English Premier League – Footballer’s Wages

In a follow-up to “The Cost of Success: English Premier League“, where we saw that to a certain extent, that spending has brought clubs more success (i.e. higher positions in the league table), but spending more money on transfers didn’t necessarily reflect all the causes for success.


We can use the wages paid to all players over 5 seasons and compare it to the number of points accumulated over 5 seasons.

The assumption is that wages would reflect players’ skills and contributions and take into account contributions made by players not bought in that 5 year period.

The champions are awarded 20 points, runners-up 19 and so on, the team that finishes in the bottom gets 1.

The ★ indicates teams that are in “Top Four”, the four teams that consistently finished in the top four between 2005-2009.

Do wages reflect performance better?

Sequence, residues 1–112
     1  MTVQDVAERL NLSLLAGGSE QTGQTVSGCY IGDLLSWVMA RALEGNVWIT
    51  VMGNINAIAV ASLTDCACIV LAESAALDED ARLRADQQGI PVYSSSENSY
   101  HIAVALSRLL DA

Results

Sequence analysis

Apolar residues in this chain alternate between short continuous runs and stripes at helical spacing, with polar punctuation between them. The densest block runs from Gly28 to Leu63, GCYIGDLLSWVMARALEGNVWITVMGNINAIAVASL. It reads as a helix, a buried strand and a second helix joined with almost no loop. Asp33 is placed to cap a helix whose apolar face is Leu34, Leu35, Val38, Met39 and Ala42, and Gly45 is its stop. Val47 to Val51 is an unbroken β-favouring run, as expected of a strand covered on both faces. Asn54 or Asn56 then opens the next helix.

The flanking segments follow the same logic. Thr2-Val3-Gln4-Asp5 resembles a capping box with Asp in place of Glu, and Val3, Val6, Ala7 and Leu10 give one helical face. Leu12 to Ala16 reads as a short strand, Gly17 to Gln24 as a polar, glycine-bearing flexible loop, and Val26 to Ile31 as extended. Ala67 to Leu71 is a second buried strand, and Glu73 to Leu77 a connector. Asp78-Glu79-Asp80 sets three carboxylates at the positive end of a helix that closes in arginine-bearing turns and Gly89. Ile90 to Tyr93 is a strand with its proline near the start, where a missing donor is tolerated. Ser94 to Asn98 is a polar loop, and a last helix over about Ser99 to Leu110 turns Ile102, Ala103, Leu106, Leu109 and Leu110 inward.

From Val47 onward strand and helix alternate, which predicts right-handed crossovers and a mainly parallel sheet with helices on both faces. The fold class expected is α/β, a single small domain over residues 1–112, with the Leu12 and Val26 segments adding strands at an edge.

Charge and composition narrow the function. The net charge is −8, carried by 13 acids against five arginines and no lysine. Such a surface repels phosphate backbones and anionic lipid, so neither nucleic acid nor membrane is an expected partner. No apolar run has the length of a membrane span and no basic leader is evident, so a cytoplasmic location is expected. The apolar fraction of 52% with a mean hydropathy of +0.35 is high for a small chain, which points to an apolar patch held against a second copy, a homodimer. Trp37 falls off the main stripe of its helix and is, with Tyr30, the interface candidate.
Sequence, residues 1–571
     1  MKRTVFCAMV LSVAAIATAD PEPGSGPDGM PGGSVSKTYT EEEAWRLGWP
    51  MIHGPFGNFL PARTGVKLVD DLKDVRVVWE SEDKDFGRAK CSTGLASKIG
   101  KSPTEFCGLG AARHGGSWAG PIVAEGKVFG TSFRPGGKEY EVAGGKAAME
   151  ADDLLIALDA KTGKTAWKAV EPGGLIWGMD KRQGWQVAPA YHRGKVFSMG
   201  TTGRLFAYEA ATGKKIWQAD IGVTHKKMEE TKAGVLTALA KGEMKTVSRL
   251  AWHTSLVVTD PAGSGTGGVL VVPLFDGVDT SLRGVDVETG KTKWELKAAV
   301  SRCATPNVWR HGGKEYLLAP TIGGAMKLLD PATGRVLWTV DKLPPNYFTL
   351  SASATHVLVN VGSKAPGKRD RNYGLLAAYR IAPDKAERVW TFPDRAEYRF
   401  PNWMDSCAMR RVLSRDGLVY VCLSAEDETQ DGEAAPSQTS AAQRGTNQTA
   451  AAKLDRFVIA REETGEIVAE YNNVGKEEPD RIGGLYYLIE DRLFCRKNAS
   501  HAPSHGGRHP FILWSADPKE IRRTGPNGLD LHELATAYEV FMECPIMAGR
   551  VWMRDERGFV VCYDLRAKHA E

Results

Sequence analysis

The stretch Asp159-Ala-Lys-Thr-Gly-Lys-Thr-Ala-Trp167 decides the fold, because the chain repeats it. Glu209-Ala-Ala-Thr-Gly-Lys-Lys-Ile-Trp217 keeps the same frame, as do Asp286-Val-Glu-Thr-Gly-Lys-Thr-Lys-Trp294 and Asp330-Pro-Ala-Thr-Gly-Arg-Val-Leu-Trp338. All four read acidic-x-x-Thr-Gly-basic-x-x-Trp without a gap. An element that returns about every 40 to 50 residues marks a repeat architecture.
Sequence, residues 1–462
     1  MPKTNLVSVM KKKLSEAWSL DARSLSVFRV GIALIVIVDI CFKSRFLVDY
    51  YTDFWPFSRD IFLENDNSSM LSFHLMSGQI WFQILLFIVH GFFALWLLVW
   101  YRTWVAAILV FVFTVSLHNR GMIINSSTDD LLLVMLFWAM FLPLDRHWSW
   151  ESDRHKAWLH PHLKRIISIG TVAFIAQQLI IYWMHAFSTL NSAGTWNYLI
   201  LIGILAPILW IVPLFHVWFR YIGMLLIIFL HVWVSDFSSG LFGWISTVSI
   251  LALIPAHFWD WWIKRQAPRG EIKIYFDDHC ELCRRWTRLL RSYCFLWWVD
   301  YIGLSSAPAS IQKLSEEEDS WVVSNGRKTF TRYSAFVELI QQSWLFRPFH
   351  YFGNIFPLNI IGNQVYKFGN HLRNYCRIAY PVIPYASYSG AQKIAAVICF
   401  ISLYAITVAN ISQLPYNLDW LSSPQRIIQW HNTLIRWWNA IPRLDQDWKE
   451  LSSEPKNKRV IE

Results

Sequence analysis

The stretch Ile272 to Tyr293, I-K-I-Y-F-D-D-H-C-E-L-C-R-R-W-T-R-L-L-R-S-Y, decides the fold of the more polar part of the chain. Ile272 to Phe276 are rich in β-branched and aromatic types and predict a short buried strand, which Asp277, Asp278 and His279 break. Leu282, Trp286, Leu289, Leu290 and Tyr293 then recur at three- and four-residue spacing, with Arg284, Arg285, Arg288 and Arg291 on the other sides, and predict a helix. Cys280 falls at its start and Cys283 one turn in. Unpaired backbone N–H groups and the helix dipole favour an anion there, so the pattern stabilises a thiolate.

There’s a clearer relationship between wages and points than transfer spending and points.

The teams who have a higher total wage payroll generally have more points.

The “Top Four” teams have the four highest wage spending and have the highest number of points.

Footballer's Wages


  • Players aren’t the only cause of success, managers could’ve gotten better performances from lower wage players.
  • If teams get relegated, they start in the lower league, where they could perform better.
  • There could be a time lag between spending and success.
  • Wages don’t necessarily reflect how well the player has played.

Source: Deloitte Money League

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